The USMJ’s order is affirmed. The motion to suppress the search warrant is denied because there was probable cause. The search incident for evidence of violation of a no-contact order was properly ordered suppressed. United States v. Watson, 2020 U.S. Dist. LEXIS 75584 (D. Mont. Apr. 29, 2020).
“In general, or at the least a proposition of law accepted in light of Stewart’s failure to argue otherwise, an eyewitness identification creates probable cause justifying the warrantless search unless the officer or governmental agent has reason to believe that the witness was lying, was unable to accurately describe the underlying events or was somehow mistaken.” “In light of the fact that the police officers had reliable information from an eyewitness claiming to have seen Stewart brandish a firearm he confessed to not being able to legally possess, the officers had probable cause to search Stewart’s vehicle for the evidence of the crime, including any container or area within the passenger compartment that could contain a weapon.” State v. Stewart, 2020-Ohio-2720, 2020 Ohio App. LEXIS 1681 (8th Dist. Apr. 30, 2020).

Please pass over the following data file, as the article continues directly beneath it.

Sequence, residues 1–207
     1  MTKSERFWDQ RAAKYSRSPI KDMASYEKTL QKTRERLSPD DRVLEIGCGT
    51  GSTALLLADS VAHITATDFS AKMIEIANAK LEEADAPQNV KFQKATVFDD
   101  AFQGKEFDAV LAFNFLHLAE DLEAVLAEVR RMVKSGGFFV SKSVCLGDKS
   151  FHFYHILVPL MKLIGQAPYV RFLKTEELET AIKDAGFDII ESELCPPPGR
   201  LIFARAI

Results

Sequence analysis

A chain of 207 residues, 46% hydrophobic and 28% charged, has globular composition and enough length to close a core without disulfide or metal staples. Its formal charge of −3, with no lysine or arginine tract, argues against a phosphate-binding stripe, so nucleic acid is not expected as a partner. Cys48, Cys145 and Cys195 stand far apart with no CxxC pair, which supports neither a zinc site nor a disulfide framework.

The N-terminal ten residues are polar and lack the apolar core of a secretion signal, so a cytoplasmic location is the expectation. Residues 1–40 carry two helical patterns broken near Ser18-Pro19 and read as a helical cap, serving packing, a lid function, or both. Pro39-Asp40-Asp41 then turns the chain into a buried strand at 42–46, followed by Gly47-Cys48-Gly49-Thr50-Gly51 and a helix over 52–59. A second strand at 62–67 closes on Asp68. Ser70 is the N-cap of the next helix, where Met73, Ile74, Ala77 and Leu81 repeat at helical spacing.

The state search warrant was executed five days after issuance, and state law says that weekends and holidays aren’t counted. There was a weekend involved. No violation of state law or the Fourth Amendment occurred [not that state law matters in federal court]. United States v. Allen, 2020 U.S. Dist. LEXIS 75334 (N.D. Ohio Apr. 29, 2020).